So, are you tempted? I am. I plan to participate with a summary on my alternate history love story about a young theologian investigating strange rumors of witchcraft in the town of Køge in the year 1810.


Visiting Ropecon

So I visited Ropecon in Finland. It is a brief flight from Denmark, but none the less it is my first visit to Finland. One of the pleasent suprises, when arriving in Helsinki was that most signs are both in Swedish and Finnish, which made the otherwise intelligle signs readable.

Awesome International Guest: Mentzer

Since the international guests weren’t the reason for my visit to Ropecon, I was pleasently surprised by discovering the awesome guests, they had coming. To me it was mainly Frank Mentzer, but my introduction to roleplaying back in ’87 was the red box, so getting to meet the designer was fascinating. He is a nice guy, he ran some D&D-sessions, participated in some panels, and at the closing ceremony he gave Ropecon a copy of Chainmail, the original D&D and first Greyhawk-supplement. This was rather generous, and it was touching to see the representative receiving the books, he was absolutely overwhelmed, and this gift was due to the friendly atmosphere and nice hosts – and Ropecon is absolutely a friendly place. Go visit them next year.

There were other international guests like Eric Mona, but since I don’t play their games, I was not that familiar with them or their products.

A convention unlike the ones at home

This is the first convention, that I have attended, where they do not go by the “one group, one room”-approach, but instead had multiple groups in each room often sitting next to each other, and no scenario was run more than once, unless the GM runs his own scenario twice. Being used to have several different GMs run the same scenario at the same time in each of their own rooms, this was quite difficult and I ended up playing not a single scenario, while attending Ropecon.

Another difference was that Ropecon is hugely larger than Danish conventions, it is rich in cosplayers, and it takes place at a conference center, where we lend public schools during weekends and holidays.

Being Published

My reason for going to Ropecon was the publication of Unelma Keltaisesta kuninkaasta ja muita tanskalaisia roolipelejä – in other words a Finnish publication with 12 Danish scenarios. My contribution to the book is Memoratorio – as the Finnish title goes – that I cowrote with Monica Traxl a few years back, and it is fun to see this translation into a language, that I cannot read, and hardly recognize any words in.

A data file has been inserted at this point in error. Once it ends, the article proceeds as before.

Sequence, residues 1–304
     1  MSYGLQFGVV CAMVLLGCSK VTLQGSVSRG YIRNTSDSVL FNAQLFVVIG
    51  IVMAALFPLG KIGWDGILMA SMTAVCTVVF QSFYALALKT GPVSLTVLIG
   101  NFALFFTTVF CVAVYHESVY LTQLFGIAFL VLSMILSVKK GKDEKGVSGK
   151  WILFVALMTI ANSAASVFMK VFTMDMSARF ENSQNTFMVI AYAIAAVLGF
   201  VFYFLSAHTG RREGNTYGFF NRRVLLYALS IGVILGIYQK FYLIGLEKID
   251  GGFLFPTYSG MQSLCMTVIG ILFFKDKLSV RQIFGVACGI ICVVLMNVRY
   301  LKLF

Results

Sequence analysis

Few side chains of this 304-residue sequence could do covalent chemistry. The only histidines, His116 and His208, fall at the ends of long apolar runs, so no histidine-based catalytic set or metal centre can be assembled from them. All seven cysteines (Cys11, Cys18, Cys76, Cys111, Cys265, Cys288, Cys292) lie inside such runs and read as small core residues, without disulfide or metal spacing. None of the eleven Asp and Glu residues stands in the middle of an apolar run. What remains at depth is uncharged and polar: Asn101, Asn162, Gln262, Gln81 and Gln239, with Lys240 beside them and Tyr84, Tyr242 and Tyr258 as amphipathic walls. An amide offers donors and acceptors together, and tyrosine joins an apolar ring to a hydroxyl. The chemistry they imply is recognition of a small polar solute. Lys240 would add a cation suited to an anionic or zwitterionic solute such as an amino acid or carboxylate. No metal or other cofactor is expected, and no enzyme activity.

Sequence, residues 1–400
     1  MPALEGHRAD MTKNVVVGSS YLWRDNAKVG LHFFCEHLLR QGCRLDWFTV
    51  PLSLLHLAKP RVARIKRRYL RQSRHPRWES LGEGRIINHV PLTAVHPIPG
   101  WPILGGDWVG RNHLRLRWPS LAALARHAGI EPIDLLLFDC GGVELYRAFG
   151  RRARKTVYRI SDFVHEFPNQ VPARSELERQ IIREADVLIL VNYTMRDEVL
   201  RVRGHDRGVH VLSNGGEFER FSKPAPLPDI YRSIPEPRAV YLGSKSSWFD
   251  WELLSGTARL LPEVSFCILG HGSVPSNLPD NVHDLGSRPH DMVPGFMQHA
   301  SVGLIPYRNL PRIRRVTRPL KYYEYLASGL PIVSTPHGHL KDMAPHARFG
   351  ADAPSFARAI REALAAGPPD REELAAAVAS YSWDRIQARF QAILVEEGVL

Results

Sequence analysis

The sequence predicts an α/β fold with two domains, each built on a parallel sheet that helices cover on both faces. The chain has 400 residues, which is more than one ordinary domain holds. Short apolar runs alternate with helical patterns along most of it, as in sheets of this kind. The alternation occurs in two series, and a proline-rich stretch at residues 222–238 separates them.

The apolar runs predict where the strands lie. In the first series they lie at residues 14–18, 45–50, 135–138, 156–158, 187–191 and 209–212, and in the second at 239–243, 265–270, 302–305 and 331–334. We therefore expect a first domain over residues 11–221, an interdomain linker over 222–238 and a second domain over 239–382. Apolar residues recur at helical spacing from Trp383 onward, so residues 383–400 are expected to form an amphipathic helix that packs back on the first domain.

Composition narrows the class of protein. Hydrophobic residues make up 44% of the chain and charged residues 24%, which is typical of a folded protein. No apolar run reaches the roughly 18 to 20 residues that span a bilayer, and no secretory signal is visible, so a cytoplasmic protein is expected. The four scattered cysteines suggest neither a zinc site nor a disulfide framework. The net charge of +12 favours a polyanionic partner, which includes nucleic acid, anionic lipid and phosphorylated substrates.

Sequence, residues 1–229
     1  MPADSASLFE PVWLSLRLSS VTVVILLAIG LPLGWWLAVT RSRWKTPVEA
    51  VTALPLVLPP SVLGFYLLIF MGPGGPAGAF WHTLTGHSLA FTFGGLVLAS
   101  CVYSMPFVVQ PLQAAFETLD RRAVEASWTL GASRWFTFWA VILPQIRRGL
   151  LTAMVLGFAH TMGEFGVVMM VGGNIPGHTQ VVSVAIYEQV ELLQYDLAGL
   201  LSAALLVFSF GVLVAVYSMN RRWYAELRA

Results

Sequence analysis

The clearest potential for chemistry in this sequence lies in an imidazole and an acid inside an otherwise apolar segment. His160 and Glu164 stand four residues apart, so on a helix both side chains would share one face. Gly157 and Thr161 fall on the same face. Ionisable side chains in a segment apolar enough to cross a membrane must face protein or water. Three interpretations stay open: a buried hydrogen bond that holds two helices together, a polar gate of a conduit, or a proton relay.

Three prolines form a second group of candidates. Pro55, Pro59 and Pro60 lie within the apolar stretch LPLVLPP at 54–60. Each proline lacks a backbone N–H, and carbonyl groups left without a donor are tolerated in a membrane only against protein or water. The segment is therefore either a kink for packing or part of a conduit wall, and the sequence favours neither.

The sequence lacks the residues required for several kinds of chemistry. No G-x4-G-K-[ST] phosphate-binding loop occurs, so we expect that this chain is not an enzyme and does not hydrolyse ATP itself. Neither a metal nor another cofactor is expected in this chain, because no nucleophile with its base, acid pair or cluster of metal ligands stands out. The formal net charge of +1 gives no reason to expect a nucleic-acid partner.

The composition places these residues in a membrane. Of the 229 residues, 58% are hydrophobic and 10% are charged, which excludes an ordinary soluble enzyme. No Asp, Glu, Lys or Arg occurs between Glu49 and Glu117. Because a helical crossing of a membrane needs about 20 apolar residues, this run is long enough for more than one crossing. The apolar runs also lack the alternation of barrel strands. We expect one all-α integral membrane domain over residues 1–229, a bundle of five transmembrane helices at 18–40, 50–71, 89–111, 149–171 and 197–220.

It was fun

The Fins are nice people, and they all speak English and some Swedish, so we had no problems communicating. The convention was nice, the weather was wonderful, and there was plenty of roleplaying at both the table and live, besides panels and board games … and beers in the cantina, at the beach or in the park. And it had Frank Mentzer!

 


Fat Loot from Fastaval

This years Fastaval was awesome. The weather was great, and a lot of time was spend outdoors in the sun. There was great gaming – I ran Leaves of Fate, Scrapbook, Ikea and A Heart of Metal, besides It’s Complicated, and I played 15 Men. I won the Jury’s Special Award for The Children of Playing Field 7, got nominated for The Honorary Otto for my work for the Danish roleplaying culture, and got a second place at the beer brewing contest (only two points behind the winner, not bad). Also got famous for being a character in the scenario Brabrand – five of us from planB appears in the scenario as the PC’s.

We got to give away the newly published Scenariebogen/The Scenario Book (400+ pages, 2½ kilo – the black one in the pics) to a lot of eager roleplayes for free, and the Anniversary Magazine for Fastaval is awesome. For the photo-shoot contest we gave away a copy of Nordic Larp. I came home with a lot of goodies and weird stuff (including an Ikea-doll (or a spider-shaped glove) as a gift for game mastering Ikea).

Awesome Guests

A bunch of people from Norway, Sweden and Finland dropped by, I played with Nathan Hook from England and Marlene from France, and I got to meet Luke Crane and Jared Sørensen, who brought along copies of FreeMarket. Not only did I get a copy for myself, but also a copy for Viking-Con’s remake-competition, where that copy will be a part of prize for winning: Who ever makes the best remake of Sort/Hvid (Black/White) wins. I also picked up a copy of InSpectres, and a lot of Fastaval Merchandise.

Also I finally saw what Jared’s Parsley game was all about, and I saw Mind Control is Game Design, though there was not really anything new.

A Bit More on the Games

A Heart of Metal – a metal-interpretation of the opera Tannhäuser about a young artist struggling with his art and his need to reach his audience. He is caught between his love and his muse, and his rival. These four roles rotate between the players, and the scenes are played as structured freeform. As a part of the game, the scenes are played multiple times from different angles. Quite fun. Unfortunately we had to play in a rather small room, so we could not use the floor for a few crucial scenes, which lessened the impact.

Scrapbook – a story of a woman breaking down as she struggles to fit her role as mother. She ends up with kidnapping an infant, but before that we chart her break down by playing the scenes shifting between Grey Reality and Rosy Romance. The scenario is played as structured freeform and the story shifts between grey reality and rosy delusions. It became a quite strong experience to play. Also you play it with an actual scrapbook, when you play, and scenes are set by opening the book on a page.